The original Dodge Super Bee was billed as Dodge's low-priced muscle car, and was based on the Dodge Coronet two-door coupe. It was produced from 1968 until 1970 in this body format. For the 1971 model year the Coronet was a sedan/wagon only, so the Super Bee model was moved to the platform used by the Charger. Engine choices in 1968 were 383 and 426 hemi. Starting in 1969, 440 was an added choice, and 1971 being the only year for a 340 small block option.
While the 'Super Bee' moniker lived on in Mexico until 1980, it never re-surfaced in United States and Canada until 2007 to 2009 and 2012 to 2014 (both times as a Charger model).
For the original 4 year run (1968 to 1971) how many units were produced each year?
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The Chevrolet Camaro was released to compete with the Ford Mustang in the mid 1960's. It could be ordered with a whole host of model packages and powertrain layouts to fit anyone's needs. The first generation ran from 1967 to 1969 and was extremely popular, to the tune of 699,138 units produced in 3 model years. A GM corporate edict forbade Chevrolet from installing engines larger than 400 cubic inches in mid-size and smaller models. Requests from dealers (notably Don Yenko) who were dealer-installing 427 cubic inch engines in the Camaro prompted Chevrolet to use an ordering process usually used on fleet and special orders (taxis, trucks, etc.) to offer 427 engines in the Camaro.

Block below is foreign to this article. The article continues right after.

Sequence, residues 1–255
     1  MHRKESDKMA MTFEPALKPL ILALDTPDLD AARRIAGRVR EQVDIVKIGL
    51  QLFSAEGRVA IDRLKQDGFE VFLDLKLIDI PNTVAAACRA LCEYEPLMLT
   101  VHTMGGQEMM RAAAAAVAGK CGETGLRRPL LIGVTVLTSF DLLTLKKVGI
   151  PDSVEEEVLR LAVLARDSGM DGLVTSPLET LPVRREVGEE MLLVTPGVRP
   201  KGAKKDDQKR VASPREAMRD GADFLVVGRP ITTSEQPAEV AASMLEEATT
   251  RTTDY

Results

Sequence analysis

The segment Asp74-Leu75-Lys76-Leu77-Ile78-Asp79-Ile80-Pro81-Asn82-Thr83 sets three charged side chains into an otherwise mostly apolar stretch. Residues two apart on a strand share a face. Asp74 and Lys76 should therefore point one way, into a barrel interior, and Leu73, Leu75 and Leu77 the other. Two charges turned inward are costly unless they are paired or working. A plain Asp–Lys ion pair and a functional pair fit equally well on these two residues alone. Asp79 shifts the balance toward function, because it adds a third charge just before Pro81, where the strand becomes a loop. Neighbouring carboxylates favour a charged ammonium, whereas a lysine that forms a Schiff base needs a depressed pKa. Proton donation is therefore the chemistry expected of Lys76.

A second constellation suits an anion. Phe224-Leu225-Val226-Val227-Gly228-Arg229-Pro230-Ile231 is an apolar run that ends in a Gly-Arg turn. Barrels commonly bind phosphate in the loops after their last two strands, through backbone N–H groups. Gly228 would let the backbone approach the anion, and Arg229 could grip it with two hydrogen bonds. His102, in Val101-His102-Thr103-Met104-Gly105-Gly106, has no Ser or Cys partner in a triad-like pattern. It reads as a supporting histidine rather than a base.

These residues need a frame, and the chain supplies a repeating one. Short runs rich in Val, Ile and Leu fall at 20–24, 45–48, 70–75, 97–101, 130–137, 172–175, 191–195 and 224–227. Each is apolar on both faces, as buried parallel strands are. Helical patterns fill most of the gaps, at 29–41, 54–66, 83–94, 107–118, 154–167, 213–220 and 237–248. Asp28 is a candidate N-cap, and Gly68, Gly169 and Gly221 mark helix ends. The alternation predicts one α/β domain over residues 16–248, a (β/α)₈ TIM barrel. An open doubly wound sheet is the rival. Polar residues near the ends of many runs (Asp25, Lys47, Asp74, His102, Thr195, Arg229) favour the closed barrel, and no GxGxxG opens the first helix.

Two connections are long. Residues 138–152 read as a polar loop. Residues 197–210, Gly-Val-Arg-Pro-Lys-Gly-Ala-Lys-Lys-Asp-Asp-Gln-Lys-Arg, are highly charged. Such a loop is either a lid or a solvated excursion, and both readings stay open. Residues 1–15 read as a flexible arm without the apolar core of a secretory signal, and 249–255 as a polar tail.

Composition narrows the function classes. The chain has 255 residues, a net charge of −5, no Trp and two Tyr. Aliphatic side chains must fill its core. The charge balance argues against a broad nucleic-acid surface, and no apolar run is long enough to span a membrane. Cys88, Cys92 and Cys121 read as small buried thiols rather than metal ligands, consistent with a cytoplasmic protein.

For the 1969 model year, two Central Office Production Orders were offered, (numbers 9560 and 9561).
COPO 9561 used the 427 cu in solid-lifter L72 big-block, rated at 425 hp gross
at 5600 rpm and 460 lb⋅ft of torque at 4000 rpm.
COPO 9560 used an all-aluminum 427 cu in big-block called the ZL-1, and was rated at 430 hp gross at 5200 rpm and 450 lb⋅ft of torque at 4400 rpm.
For the 1969 model year, how many Camaros of each Central Office Production?
COPO 9561 - 1000 (with 201 of those going to Yenko) COPO 9560 - 69
In total, there was 1069 units built using Central Office Production Orders.